Germany is unique in Europe by not having a national mapping agency with one single data format. All spatial data is specified by the various Bundesland, each have their own format for map information, which is known as the EDBS format. This format is very complex and dates back to the mid ’70’s.
The City of Melle is located in the province of Lower Saxony which is a beautiful area of northwest Germany. Melle is a smaller city but carries one of largest jurisdictions in this region and has an overall population of 250,000. Melle is surrounded by rural areas and belongs to the Osnabruck district. The City of Melle council manages the environment very well and ensures that the beauty and cleanliness of the region is maintained to the highest standards. The council already have extensive experience of using GIS, and recently through a business partner and reseller of Cadcorp products, they procured 5 licences of Cadcorp SIS – Spatial Information System desktop software as a pilot system to determine its suitability for various Council departments.
Melle have subsequently increased their use of Cadcorp products to build Intranet and Internet applications for the municipality based on planning applications, land use, amenities, local interest, route maps, and location maps. Cadcorp has also developed a translator to read the Lower Saxony EDBS data format and now working on formats for the rest of Germany.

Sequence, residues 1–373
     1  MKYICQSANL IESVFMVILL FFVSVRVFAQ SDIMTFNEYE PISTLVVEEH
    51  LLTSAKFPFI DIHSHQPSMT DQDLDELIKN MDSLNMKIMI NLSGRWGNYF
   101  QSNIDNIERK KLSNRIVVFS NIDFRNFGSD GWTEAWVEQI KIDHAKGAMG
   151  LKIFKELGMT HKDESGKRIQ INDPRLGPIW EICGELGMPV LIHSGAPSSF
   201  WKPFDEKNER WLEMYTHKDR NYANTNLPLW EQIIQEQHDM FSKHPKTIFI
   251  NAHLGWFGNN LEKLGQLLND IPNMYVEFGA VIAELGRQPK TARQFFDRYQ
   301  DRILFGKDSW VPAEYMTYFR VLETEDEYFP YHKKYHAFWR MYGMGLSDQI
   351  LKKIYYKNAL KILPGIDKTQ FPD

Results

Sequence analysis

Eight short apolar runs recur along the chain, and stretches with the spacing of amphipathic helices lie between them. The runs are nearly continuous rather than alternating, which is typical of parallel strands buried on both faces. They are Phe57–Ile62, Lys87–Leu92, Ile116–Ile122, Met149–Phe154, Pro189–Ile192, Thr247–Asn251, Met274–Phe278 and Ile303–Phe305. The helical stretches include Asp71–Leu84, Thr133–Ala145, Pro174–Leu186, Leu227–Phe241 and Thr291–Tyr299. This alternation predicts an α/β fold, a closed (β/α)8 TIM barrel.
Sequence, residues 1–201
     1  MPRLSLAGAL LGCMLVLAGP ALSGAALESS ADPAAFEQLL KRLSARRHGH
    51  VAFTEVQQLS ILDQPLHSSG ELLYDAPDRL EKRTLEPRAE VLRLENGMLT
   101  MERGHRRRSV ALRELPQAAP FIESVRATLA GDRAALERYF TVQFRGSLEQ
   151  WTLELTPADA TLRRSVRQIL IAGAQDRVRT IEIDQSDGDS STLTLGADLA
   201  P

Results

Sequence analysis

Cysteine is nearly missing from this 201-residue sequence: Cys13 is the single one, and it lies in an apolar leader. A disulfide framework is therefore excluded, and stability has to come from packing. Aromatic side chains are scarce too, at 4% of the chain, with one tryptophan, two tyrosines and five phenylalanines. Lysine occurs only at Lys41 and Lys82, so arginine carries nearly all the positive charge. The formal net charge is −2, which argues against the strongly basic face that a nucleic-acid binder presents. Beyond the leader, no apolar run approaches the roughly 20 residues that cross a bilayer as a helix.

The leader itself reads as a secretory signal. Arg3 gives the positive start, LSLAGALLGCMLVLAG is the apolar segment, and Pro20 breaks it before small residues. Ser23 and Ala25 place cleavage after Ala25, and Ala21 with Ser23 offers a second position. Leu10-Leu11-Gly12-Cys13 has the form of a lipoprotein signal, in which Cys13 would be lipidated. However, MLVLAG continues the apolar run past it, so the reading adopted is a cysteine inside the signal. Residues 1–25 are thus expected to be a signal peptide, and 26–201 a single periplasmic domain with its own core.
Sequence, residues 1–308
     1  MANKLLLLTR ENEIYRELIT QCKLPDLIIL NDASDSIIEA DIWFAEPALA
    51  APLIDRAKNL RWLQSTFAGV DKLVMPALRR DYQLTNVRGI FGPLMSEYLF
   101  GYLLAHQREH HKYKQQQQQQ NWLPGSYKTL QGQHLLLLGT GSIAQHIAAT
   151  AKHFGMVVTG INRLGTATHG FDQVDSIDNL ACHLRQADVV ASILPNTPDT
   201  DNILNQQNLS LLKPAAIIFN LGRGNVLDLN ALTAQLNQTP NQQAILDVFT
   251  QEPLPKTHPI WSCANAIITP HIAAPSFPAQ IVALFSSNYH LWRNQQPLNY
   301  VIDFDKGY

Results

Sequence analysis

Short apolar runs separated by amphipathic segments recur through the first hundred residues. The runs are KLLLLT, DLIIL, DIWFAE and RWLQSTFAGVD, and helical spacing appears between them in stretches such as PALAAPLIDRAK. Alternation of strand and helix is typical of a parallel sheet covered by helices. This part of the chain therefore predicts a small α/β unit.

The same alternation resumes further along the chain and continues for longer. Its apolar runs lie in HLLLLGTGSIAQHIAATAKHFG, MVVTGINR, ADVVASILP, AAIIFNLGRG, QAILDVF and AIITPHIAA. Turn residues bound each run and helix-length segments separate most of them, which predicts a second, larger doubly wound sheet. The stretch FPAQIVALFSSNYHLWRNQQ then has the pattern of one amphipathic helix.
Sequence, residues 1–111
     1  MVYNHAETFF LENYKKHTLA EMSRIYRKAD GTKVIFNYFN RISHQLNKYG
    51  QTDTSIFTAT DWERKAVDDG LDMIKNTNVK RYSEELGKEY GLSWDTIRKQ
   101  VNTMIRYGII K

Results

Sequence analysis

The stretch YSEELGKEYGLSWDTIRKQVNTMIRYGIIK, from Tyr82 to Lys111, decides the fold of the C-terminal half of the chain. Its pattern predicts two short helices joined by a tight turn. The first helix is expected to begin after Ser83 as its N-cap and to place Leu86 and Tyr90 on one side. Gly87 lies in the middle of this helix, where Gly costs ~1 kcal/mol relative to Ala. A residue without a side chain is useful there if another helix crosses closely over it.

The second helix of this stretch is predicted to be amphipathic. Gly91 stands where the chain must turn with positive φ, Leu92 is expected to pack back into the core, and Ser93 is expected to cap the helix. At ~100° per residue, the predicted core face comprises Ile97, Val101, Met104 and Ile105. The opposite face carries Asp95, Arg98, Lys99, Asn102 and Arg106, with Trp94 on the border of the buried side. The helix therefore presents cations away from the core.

Applications being tackled by the City of Melle include planning applications and their approval. By accessing information from the GIS database, the planning department can determine land ownership and make informed decisions on the available land and type of planning required. This could be for any use such as housing, industrial, recreational, and agricultural. Like many cities in Europe, the City of Melle is proud of its commitment to cycle routes to help provide an effective means of transportation that is both quick and environmentally friendly.
The use of Cadcorp SIS in this application is important for the city who wishes to ensure that the cycle routes are well defined and provide the citizens with the optimum route information. The system is used to build and maintain the symbology rules that ensure separation between cyclists and motorized transport. The system uses ‘hot-links’ on the street furniture to provide photographic information of the cycle network at strategic points.